As has been widely reported, the Oxford Dictionaries Word of the Year for 2013 is “selfie.” The Oxford folks helpfully provide a definition: a selfie is “a photograph that one has taken of oneself, typically one taken with a smartphone or webcam and uploaded to a social media website.” Facebook posts are teeming with selfies. Even an old guy like me who hardly ever posts on Facebook or its many cousins has taken a few of them. Celebrity selfies have a huge following, with whole websites devoted to the latest self-made images of the stars (the accompanying pictures of Justin Beiber and Hilary Duff come from http://celeb-selfies.com/.
The coronation of “selfie” as word of the year resulted in a blizzard of cultural analysis. Jennifer O’Connell huffs that the selfie is symptomatic of our ever-increasing narcissism. Navneet Alang responds to the narcissism charge by noting that humans have long sought to document their activities; the only thing that is new is how public that documentary process has become. Rachel Simmons regards selfies as a form of self-affirmation and thus beneficial for a prime group of selfie practitioners, teenage girls. And Noah Berlatsky faults other commenters for claiming that all selfies have the same meaning; in his view, selfies are works of art, and each conveys its own unique message.
Besides thinking about what selfies reveal about the selves of those who take and post them, it is useful to consider how taking selfies shapes the self. In the article cited above, Navneet Alang touches on that question. Here’s what he says:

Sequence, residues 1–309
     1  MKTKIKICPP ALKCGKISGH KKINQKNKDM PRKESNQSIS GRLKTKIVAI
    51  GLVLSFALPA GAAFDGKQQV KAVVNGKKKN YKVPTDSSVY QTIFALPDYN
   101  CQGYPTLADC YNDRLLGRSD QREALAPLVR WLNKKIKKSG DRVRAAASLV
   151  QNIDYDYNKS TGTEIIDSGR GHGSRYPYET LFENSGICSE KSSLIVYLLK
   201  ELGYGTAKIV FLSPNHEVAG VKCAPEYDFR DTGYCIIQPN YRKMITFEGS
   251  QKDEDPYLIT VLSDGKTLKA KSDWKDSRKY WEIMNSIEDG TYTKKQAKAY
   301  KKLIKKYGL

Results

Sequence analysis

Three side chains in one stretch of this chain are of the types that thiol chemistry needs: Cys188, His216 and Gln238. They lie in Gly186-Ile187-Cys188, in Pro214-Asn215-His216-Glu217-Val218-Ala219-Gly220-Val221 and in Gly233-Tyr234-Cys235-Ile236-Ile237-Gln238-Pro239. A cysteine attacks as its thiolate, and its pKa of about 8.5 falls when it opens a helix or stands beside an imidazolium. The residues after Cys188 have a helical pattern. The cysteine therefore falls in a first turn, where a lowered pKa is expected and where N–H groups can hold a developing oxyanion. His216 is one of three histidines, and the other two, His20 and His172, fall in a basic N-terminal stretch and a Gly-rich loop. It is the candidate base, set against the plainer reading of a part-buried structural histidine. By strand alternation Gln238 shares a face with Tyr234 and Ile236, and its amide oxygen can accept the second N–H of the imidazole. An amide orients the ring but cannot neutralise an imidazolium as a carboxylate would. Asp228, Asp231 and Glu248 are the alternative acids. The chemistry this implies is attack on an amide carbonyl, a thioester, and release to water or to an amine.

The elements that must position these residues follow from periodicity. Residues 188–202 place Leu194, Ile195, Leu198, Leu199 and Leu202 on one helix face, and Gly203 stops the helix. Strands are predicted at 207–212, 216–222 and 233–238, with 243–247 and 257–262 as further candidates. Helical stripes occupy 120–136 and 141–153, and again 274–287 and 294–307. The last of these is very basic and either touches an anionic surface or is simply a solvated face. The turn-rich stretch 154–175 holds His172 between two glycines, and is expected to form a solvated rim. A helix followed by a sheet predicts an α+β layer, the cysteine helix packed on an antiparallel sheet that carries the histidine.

“Now that so many more people have access to a space to put their identities out there, it may seem like people have suddenly become self-involved, when in fact, all it means is that there is a new more potent medium and shape for an old social fact.
“The selfie is thus a symbol of a slightly shifting sense of self, one that is more aware of how we always function in at least two modes at once, the private and the public, the internal and the external.”
Perhaps the change in awareness has a greater impact than Alang thinks. “Self-consciousness” is the term that social psychologists use to refer to the habitual tendency to be self-aware (the material on self-consciousness that follows are drawn from Steven Franzoi’s Social Psychology, 6th ed.). There are two types of self-consciousness: private self consciousness, the tendency to be aware of private aspects of the self, and public self-consciousness, the tendency to be aware of publically displayed personal features. These traits are distinct, so that a person can be low on both, high on both, or a mixture of the two. Taking a selfie seems to foster public self-awareness, and taking lots of them probably fosters a more habitual state of public self-consciousness (that’s my surmise; Franzoi doesn’t address selfies). Even if taking selfies doesn’t diminish private self-consciousness (whether it does or not is a research question) those who take and post lots of them may develop the characteristics that have been found to be associated with high private self-consciousness. According to Franzoi, these include greater concern about how others view oneself, more conformity to social norms, more concern about one’s physical appearance, and a greater tendency to withdraw from embarrassing situations.
If selfies and other social media phenomena shape the 21st-century self, what direction might that self take? To the extent that these phenomena increase public self-consciousness, it seems that the self might evolve towards being highly aware of its public face, anxious about how that face is perceived, concerned about being physically attractive, averse to bucking group standards, and more isolated. Given these possibilities, I don’t think I’ll be taking and posting many selfies. Since I’m on the subject, though, I’ve posted below one of the few selfies I’ve taken, photographed (the old-fashioned way, with camera and tripod) in St. Paul’s Covent Garden, London.